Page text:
Olympic symposium frames debate
Making an informed decision when it comes time to vote on bidding for the 2026 Olympic Winter Games was the focus of a public forum hosted at Mount Royal University on Nov. 1.
Proponents of the “yes” and “no” sides, as well as at least one fence sitter, presented their thoughts at the 2026 Olympic and Paralympic Symposium, the morning after Calgary’s city council moved forward with a plebiscite on hosting the Olympic Games.
“The Olympics are a means to an end. We need to have a clearly defined goal of what we want Calgary to look like in 2040,” said Professor David Legg, PhD, chair of the Department of Health and Physical Education at Mount Royal, in the opening remarks. He and marketing Professor David Finch, PhD, organized the event with “yeoman” support from students Stefan Wright and Brody Norton, and alumni Ethan Green.
The event at the Leacock Theatre featured three panels with speakers discussing a vision of Calgary with and without the Games; the economic costs and benefits of hosting; and the positive and negative impacts of hosting in 2026. Each speaker had four minutes to address their topic and the floor was then opened for questions from the audience.
While there was discussion around the financial pluses and minuses of hosting the Games — and how reports can be tweaked to accomplish a desired answer — much was made of the intangible benefits that could accompany a winning bid: civic pride, increased awareness of Calgary on the world stage, more visibility for disabled athletes and the promotion of sport.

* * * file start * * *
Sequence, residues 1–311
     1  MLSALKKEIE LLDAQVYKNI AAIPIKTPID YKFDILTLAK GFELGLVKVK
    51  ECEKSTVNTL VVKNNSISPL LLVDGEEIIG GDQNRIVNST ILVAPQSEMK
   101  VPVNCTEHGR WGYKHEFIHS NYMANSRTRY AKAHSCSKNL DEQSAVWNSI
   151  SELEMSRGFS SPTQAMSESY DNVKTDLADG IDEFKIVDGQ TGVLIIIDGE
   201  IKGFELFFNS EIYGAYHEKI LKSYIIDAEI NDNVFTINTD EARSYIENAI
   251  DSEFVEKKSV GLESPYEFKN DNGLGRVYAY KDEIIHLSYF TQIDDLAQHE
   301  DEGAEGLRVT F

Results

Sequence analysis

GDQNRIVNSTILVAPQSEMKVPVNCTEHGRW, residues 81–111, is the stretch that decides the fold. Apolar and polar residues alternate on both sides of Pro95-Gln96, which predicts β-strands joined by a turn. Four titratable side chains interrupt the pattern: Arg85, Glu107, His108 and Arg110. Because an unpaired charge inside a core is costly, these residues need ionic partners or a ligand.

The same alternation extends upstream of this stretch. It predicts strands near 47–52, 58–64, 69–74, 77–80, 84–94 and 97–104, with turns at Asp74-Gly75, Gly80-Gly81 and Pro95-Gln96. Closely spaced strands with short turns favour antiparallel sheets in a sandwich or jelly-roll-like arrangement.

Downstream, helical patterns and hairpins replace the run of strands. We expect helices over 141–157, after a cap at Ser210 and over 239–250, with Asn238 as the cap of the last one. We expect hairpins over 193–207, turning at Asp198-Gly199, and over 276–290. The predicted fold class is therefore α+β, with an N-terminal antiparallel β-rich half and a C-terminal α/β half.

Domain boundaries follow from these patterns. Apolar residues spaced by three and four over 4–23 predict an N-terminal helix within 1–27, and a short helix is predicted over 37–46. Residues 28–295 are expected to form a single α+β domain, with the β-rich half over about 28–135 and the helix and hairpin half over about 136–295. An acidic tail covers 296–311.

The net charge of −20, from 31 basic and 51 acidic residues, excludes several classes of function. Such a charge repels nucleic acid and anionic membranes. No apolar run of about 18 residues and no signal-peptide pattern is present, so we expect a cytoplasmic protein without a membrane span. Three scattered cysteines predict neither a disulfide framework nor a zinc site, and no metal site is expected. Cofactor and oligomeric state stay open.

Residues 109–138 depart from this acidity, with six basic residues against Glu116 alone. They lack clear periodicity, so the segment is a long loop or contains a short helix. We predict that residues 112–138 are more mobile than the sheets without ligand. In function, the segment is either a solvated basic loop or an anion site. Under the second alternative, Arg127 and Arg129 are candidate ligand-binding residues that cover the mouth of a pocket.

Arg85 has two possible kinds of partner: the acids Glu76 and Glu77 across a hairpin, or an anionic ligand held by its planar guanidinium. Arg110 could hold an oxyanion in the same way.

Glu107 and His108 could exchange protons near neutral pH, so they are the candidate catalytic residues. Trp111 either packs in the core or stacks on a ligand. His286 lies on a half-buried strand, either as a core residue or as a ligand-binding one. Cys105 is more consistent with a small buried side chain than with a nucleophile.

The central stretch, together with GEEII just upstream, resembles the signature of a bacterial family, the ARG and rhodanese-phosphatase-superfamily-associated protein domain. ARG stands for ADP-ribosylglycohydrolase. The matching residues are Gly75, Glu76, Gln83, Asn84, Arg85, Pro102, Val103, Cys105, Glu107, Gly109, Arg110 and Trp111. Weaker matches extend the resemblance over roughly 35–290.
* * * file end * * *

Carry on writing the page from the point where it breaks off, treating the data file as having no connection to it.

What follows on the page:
“I feel that we are struggling to figure out who we are. We are a city with an empty downtown. A city that gets frustrated because we seem to always be battling,” said former Olympian and Calgary Bid Exploration Committee member Catriona Le May Doan. “Let’s get together and talk about things … It takes a bit of work to inform ourselves, but that is what’s needed.”
However, some, including Lois Appleby, CEO of the 2000 Sydney Paralympics Organising Committee, cautioned against investing too heavily in things that can’t be measured. She cited phrases that have been part of the “yes” side’s pitch.
“ ‘Immense possibility.’ ‘Best chance for economic revitalization.’ ‘Nation-building.’ Really? Do we really think that people understand that?” Appleby said. “With a mega-event, there is the opportunity for the needs of the groups that don’t have the presence or the polish to be forgotten … It can be a bit of a vacuum and collect all of our energy, our public dollars.”
That’s one of the major sticking points for Erin Waite, organizer of No Olympics Calgary.
“What is it that we aren’t doing if we are pursuing being a host city?” Waite said. Referencing then Premier Peter Lougheed’s move in the 1970s to bring together public and private money to create innovation in the energy sector, Waite said, “It would take time. It would be a risk. But it (investment in innovation) would truly benefit our city long-term. That gives a reason for our kids to stay. It would go so far beyond a single event.”
A longtime community builder in Calgary isn’t daunted by the prospect of the city biting off more than it can chew. Terry Rock, president and CEO of Calgary Technologies, Inc., said that being able to tout Calgary’s Olympic status (once again) would be a big selling point when he is trying to get international start-ups to set up shop here.